Do we have unrealistic expectations of the objects we surround ourselves with, asks Alex Da Corte in a new exhibition that showcases objects from the archives at The Warhol Museum in Pittsburgh. 50 Wigs, as the exhibition at HEART is called, offers a glittering promise that the relics left behind by Warhol can give us access to the man behind the icon. But is this a fair burden to lay upon fifty wigs from the last century? The answer is no – and yet …
The collection at HEART Herning Museum of Contemporary Art focuses on 1960s avant-garde art, with Piero Manzoni’s can of the artist’s own shit as a pivotal piece. Such emphasis on the avant-garde’s merging of life and art is a recurring feature of many of the special exhibitions presented at the museum, so we are getting a genuine dose of HEART Classic as American superstar Alex Da Corte presents objects owned by 1960s icon Andy Warhol in four large-scale installations in 50 Wigs.
Having had unrestricted access to the archives of the Pittsburgh museum, Alex Da Corte has chosen 91 of Warhol’s personal belongings for the exhibition, presenting them in four large total installations. This means that this autonomous exhibition offers special perspectives on the Warhol exhibition presented at the museum around the same time, with particular emphasis on the existentialist aspects of the Pop icon’s production. As a nod to Warhol’s iconic Brillo boxes, Da Corte has supplemented the artist’s own objects with present-day samples from consumer culture: cheap, trashy, fluorescent plastic junk from the bottom shelves of a one-dollar shop, all peppered by kitschy flea-market finds and even a few Beuys works from the museum’s own collection.
Just like Warhol used to be, Alex Da Corte is interested in our relationship with the objects we choose to surround ourselves with. The first room in the exhibition has a mirrored floor and silver-coloured walls, and here Da Corte has arranged the fifty wigs that give the exhibition its name. They flop around the place, some on mannequin heads made out of white polystyrene, others resting directly on the bottom of the acrylic glass case, looking like dead birds. There is a distinctive tension between the futuristic smoothness of the room, which looks like something the curators’ collective DIS might have come up with, and the amputated vulnerability of the wigs. Lying there, torn away from all the glitter and glam of which Warhol is often seen as an exponent, they resemble a collection of strangely tactile relics from a different age.
The four installations elegantly address different aspects of Andy Warhol the man by means of veiled hints, moods and little nods rather than grand biographical narratives. Wallpaper showing blue summer skies forms the background of a nightclub scene where a half-unwrapped mirror ball enters into conversation with an inflatable birthday cake from Warhol’s archives. An oversized four-poster bed presented in lewd boudoir-like lighting acts as a podium for an arrangement of hats with veils and other intimate possessions. This is full-blown surrealism and campy material poetry, yes, but it is also infused by a quite extraordinary attunement to what might be termed the inner conflict of objects. One senses that these objects are part of a wider history, that they are always pointing towards something that resides outside the object itself, but which we cannot fully penetrate. In this way the objects are smoothly impenetrable while also acting as signs that prompt an automatic series of associations in the spectator.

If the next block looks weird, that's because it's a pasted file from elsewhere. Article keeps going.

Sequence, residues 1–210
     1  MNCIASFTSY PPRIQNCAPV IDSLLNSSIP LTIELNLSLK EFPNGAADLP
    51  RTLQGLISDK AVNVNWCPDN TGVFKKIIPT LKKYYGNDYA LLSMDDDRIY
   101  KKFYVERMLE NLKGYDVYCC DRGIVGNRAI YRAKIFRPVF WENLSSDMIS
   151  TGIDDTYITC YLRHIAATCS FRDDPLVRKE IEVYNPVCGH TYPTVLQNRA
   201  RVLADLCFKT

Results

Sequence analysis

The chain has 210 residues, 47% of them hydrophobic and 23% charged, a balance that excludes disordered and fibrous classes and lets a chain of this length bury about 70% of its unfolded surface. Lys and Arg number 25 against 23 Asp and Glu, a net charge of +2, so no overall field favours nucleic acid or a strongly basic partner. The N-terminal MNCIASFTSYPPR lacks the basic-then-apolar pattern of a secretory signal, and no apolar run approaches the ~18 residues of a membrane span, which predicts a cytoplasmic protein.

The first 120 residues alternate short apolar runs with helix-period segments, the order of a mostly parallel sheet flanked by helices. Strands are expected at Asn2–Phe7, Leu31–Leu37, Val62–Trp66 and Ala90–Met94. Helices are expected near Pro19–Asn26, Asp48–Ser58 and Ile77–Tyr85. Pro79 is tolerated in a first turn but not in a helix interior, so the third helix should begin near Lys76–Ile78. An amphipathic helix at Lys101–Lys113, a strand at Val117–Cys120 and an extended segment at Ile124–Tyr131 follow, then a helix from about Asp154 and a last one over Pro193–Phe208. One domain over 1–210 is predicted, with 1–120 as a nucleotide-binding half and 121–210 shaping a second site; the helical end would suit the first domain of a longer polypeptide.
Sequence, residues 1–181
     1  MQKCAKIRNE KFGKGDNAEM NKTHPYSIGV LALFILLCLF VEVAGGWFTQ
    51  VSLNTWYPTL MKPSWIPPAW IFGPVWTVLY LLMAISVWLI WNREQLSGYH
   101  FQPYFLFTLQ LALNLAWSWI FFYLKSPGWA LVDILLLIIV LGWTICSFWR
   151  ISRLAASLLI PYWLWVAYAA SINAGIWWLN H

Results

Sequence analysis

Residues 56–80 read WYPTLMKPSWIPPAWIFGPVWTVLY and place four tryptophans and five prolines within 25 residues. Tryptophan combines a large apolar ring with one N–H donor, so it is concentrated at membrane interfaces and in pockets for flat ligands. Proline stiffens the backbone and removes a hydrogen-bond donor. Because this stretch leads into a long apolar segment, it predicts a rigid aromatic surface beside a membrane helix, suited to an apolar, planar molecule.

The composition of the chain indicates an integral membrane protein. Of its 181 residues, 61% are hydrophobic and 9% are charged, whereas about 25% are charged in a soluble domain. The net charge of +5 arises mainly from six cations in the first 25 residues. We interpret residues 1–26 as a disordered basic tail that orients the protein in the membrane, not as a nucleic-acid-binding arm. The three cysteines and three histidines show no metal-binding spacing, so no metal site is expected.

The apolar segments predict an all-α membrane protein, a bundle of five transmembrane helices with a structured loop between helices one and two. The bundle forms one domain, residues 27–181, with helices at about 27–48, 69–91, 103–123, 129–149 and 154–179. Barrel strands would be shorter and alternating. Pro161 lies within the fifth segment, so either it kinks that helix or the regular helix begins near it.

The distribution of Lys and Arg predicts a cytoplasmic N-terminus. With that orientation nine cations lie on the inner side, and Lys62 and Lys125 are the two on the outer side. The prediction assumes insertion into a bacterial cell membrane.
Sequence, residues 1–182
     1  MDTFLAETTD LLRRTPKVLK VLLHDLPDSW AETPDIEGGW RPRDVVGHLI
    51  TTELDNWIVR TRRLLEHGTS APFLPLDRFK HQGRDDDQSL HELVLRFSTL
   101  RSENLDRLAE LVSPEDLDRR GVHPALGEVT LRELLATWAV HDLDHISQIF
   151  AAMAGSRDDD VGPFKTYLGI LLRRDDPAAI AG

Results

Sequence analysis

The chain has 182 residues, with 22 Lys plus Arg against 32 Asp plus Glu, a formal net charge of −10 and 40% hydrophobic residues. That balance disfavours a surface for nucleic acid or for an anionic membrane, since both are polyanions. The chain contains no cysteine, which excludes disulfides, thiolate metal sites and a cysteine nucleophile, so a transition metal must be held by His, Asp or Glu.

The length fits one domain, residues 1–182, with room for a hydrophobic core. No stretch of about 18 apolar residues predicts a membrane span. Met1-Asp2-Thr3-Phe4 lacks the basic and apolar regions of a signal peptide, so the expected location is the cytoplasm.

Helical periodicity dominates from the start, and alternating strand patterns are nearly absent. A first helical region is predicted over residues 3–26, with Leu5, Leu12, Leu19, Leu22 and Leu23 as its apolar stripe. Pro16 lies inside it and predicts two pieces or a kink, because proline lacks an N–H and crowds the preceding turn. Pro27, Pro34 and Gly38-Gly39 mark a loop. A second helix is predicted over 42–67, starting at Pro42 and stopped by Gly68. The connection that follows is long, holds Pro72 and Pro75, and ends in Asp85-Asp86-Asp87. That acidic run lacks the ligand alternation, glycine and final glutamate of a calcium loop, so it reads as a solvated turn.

In Da Corte, things are not simply mass-produced articles of consumption. They are also exponents of a dream and a fantasy that they cannot make real after all. Regardless of whether we stand before Warhol’s iconic wigs or a bottle of shampoo promising us fragrant spring meadows in South Tirol, we have certain expectations about what the object can offer us beyond its rational function. Warhol’s wigs were not only meant to hide his increasing baldness, they were also part of a constant shift in identities. In 50 Wigs they promise us greater understanding of the man beneath the hair, but of course he is as far out of reach as the shampoo’s dream world of unspoilt green meadows. For the wig and shampoo bottle are also just that: the discarded possession of an old man and a 99-cent plastic container with a lingering chemical fragrance. They are objects that disappoint because they cannot in fact give us what we think we want.
Alex Da Corte’s accumulations of objects testify to a predilection for material excess that appears ironically disdainful and sincere in equal measure. One wall of the exhibition has shelves overflowing with objects which appear to have been arranged in keeping with a logic all their own. With such accumulations of objects – works by Beuys found in HEART’s own collections, Warhol relics and scented Wunderbaum car fresheners from the local petrol station – Da Corte creates a kind of forced visual poetry. These are small scenes for films that are never played out, a theatre of objects that displace and accentuate each other’s formal features, but which also constantly play more roles than the purely functional.
This is where Da Corte excels: in his keen eye for form, for combining colour, and in his ability to extract an effortlessly nonchalant poetry out of the most banal of objects, bringing them together to form dreamlike, hyper-real universes. The sheer quantity of potential symbols alone is alluring, nudging us to decode them, solve the puzzle and discover the man behind the icon. But surely this is part of Alex Da Corte’s master plan: that the objects we surround ourselves with glitter with potential, dreams and promises, and that they will invariably disappoint us.